Kids Page

Whether you are an adult with children, a curious child, or a child-like adult, we think you will enjoy what the Kids Page has to offer! (We certainly enjoy putting it together each issue!)

On the Kids Page you will find a word search, a vocabulary word, an activity and more, all of which relate in some way to the topics discussed in each issue. Fun facts and creative learning are what this page is all about. It could be a Junior Forensic Scientist edition, a Junior Artist edition, a general page or some other focused edition we have yet to come up with, but they all have the same goal - sharing knowledge in a way that is entertaining and accessible.

And, as always, we're open to suggestions. If you think of something you'd like to see on the Kids Page in an upcoming issue, be sure to email editor@stoneadvisorymagazine.com.

Word Search Answers Vol.1 Iss.1

Learn about the three categories of stone and how they get their color. The words for this premiere issue word search are: rock, tile, stone, grout, iron, marble, limestone, serpentine, granite, quartz, sedimentary, metamorphic, and igneous. How did you do?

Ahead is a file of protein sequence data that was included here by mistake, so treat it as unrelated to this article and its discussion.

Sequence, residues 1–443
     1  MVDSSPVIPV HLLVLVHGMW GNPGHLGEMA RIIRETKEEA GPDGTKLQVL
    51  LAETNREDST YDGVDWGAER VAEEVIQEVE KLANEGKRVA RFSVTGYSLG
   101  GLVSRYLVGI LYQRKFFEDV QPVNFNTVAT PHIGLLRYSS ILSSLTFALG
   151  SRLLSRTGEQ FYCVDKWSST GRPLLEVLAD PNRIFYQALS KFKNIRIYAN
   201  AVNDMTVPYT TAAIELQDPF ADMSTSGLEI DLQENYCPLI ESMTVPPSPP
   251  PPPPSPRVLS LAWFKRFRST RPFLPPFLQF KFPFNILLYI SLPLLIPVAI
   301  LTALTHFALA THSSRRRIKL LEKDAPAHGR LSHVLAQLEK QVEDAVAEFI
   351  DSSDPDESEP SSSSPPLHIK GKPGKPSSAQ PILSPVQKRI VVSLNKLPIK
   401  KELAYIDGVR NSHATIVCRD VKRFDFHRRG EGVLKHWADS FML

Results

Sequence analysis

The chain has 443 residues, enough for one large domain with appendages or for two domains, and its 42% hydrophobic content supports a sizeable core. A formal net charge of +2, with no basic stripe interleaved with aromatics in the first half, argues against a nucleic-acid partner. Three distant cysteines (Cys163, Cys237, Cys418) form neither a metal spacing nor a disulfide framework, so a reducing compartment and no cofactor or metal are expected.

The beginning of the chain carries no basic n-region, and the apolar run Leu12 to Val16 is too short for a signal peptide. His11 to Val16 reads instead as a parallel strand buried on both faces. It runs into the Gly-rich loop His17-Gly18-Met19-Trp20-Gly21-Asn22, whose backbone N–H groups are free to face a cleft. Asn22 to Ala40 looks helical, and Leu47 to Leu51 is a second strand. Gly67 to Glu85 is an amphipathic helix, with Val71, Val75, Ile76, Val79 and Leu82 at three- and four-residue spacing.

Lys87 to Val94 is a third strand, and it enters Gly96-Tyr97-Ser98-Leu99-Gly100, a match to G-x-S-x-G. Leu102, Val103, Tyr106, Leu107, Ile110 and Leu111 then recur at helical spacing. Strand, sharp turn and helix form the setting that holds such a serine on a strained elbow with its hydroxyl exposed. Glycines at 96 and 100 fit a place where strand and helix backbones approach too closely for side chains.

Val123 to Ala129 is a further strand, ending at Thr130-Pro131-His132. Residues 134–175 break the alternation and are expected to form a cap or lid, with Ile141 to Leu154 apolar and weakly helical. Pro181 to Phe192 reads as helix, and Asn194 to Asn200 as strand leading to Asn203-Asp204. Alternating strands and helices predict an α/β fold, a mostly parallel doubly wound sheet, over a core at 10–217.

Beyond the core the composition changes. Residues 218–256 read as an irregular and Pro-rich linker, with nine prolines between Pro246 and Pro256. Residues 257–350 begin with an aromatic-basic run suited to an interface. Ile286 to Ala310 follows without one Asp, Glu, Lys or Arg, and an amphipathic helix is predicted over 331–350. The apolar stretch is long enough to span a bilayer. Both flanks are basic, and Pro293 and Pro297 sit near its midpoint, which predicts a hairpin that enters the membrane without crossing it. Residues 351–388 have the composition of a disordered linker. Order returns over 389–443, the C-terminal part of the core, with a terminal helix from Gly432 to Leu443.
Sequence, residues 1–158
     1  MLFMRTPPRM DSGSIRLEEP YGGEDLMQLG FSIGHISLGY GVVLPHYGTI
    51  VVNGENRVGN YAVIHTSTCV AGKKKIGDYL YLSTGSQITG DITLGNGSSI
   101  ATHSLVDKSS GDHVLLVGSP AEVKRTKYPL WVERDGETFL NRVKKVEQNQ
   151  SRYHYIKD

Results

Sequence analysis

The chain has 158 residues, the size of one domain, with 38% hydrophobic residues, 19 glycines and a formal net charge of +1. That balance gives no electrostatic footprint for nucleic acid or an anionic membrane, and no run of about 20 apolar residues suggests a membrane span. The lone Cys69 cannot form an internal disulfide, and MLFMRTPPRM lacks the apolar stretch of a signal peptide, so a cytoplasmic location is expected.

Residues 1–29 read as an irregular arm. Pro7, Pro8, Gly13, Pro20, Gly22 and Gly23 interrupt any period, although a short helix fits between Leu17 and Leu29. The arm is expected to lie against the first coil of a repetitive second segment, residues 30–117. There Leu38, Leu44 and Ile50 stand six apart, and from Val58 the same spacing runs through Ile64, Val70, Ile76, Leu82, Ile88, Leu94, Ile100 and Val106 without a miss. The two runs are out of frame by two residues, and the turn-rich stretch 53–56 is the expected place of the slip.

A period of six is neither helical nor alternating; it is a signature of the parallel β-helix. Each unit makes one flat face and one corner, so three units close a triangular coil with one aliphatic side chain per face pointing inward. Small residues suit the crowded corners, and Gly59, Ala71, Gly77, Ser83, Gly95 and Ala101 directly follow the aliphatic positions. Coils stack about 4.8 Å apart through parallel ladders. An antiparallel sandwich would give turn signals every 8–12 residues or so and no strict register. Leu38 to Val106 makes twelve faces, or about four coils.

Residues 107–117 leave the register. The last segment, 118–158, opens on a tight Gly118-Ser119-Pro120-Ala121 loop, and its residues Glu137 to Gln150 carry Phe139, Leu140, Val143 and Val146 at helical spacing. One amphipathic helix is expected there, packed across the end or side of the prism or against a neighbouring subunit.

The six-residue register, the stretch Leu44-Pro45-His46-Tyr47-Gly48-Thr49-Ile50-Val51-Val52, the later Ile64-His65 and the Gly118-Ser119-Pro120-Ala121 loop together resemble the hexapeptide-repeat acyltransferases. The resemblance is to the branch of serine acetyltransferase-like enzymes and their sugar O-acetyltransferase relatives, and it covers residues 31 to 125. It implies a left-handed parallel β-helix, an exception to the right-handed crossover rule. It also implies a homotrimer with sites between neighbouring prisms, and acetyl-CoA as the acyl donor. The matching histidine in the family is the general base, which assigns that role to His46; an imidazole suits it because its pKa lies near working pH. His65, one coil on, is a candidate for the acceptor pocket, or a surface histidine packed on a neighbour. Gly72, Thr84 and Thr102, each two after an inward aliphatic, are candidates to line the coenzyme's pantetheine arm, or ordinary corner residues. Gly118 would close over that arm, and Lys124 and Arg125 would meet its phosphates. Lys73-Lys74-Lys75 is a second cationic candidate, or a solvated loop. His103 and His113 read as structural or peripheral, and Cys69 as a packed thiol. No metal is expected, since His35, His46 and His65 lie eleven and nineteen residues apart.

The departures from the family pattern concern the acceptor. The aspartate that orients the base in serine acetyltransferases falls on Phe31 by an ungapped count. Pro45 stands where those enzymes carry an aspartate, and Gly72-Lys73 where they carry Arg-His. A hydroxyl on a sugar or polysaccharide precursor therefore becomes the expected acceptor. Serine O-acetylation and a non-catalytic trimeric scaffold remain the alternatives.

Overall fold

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Making Stalactites & Stalagmites

Don't know about you, but we've wanted to create our own geologic formations for years! Sadly, no one told us we could until now. Since we don't want you to have to wait as long as we did, we're sharing. The ingredients are minimal and it's a lot of fun!

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Edible Quarry Adventure

Invite some friends and fellow scientists over to share cookies with you. Tell them they will have to make a hypothesis, or guess the ingredients in the cookies, before they can actually eat them. (We know that's tough, but be strong!)

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Tile Painting

Tile painting is an easy, fun, rainy day project that kids and parents can do together. (Rain, by the way, is not actually necessary to do this project — you can do it any time in any weather!.. Well, maybe not at night if the power's out... but you get the idea.)

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Making Litmus Paper

Be sure to ask your parents before beginning this potentially messy project. After all, telling them its in the name of science afterwards won’t make you any less busted if you’re having to explain why the kitchen walls now have purple spots on them.

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